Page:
The Critical Image exhibition at the World Trade Centre

The World Trade Centre will be showcasing The Critical Image, a group exhibition by four contemporary UK-based artists from Monday 24 June until Friday 6 September. The exhibition explores the cultural and critical durability of media and genre – focusing on the importance of abstract painting, installations and sculpture in response to claims of contemporary art’s alleged “post-medium condition”.

William Henry’s surreal installations and object-based practice explores post-Duchampian ideas of the readymade and the estranging effects of otherwise familiar objects when subjected to artistic re-imagination and re-invention. Tim Meecham’s installation-based work evocatively plays with the registers of place, location and nostalgia at a time of supposed global interconnection and cultural displacement. Angus Pryor’s expansive canvases present narratives of the imagination – images of excess, violence and dysfunction which underline a critical re-invention and re-engagement with the language of painting. Georgia Wright provides the exhibition’s sculptural component through a range of playfully suggestive and subversive works which explore the resonance of highly tactile objects and their psychological and psychoanalytical associations.

All the exhibitors are members of Plastic Propaganda, a contemporary art collective established in 2009 by William Henry, a UK-based installation artist and sculptor and by Angus Pryor, Reader & Head of the School of Art & Design, University of Gloucestershire. The collective has previously exhibited and showcased work at a range of venues throughout the UK and internationally, including West Wintergarden at London’s Canary Wharf, Tower Bridge, and more recently, New Delhi and Taiwan.

Although Plastic Propaganda aims to be open and inclusive in ethos, it recognises in particular the cultural contribution of what has been described as a “post-conceptual generation” – those typically born in the 1960s and 1970s, for whom the legacies of both the Duchampian readymade and late modern responses to the art criticism of Clement Greenberg are cultural givens – long since internalised and accepted as part of an ‘expanded field’ of cultural production. Both these strands underpin a range of critical and aesthetic concerns, including, for example, the durability of figurative and abstract painting, approaches to printmaking and engraving; the re-definition of sculpture and other object-based art forms such as installation.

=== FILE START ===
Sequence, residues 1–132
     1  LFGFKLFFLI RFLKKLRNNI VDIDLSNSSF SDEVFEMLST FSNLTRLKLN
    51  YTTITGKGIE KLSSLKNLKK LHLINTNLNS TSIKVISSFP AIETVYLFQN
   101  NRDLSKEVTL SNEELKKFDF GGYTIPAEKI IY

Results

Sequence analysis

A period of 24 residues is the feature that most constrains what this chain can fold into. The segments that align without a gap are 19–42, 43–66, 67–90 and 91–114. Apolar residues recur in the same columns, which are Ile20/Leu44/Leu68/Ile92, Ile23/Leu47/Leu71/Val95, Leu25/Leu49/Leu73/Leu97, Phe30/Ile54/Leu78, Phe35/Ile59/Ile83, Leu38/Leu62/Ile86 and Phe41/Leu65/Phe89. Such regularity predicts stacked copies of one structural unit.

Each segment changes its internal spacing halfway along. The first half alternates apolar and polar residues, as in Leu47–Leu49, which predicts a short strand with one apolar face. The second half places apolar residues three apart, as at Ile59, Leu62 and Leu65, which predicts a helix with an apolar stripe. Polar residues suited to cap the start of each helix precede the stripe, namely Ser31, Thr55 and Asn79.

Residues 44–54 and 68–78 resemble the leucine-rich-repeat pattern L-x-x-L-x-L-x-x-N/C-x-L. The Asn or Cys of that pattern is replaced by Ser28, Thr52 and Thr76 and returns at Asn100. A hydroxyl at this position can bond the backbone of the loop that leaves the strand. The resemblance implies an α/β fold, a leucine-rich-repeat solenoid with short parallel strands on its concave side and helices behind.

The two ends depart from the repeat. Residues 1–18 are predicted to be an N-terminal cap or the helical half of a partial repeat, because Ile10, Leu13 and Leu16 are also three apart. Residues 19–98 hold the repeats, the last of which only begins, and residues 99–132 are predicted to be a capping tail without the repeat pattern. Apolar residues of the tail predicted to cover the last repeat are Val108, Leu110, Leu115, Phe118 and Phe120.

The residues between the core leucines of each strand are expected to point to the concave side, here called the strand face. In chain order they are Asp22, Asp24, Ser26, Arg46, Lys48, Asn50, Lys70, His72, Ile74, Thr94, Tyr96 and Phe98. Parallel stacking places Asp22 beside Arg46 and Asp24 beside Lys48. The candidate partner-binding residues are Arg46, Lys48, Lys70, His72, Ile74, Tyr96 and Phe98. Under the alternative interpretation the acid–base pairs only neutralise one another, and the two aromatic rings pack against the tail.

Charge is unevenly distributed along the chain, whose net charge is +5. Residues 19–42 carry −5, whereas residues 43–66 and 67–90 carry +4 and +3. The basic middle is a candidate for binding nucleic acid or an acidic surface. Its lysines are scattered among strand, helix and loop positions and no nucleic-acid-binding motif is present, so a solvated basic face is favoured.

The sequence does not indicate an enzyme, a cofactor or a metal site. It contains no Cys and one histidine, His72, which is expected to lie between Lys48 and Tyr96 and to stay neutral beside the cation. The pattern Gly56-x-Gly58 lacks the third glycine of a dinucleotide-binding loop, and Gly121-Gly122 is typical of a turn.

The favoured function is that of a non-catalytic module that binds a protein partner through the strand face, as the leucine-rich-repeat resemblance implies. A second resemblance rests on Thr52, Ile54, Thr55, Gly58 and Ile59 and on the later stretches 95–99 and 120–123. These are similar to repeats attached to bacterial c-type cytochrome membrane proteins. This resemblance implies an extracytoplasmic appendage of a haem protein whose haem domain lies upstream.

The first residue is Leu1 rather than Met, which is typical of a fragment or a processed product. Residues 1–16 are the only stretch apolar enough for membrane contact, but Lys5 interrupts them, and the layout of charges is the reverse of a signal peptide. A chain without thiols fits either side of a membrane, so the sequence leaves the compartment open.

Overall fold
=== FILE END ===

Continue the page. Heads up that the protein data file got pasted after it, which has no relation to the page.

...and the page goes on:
As a peer informed and supported platform, Plastic Propaganda, believes in learning and engaging by practice; offering both contemporary artists and art history students opportunities to exhibit and to publish work as part of their onward professional and personal development. As Dr Grant Pooke, Senior Lecturer in Art History at the University of Kent, notes: “Emerging practitioner-based collectives like Plastic Propaganda recognise the changing nature of art not just in the UK but internationally and globally. In doing so it offers a considered approach to more inclusive and critical forms of visual art practice”.

The Critical Image is on display at the World Trade Centre between Monday 24 June and Friday 6 September 2013.

William Henry – williamhenry16@btinternet.com
Angus Pryor – apryor@glos.ac.uk

For further information contact William Henry on 00 44 7775916737.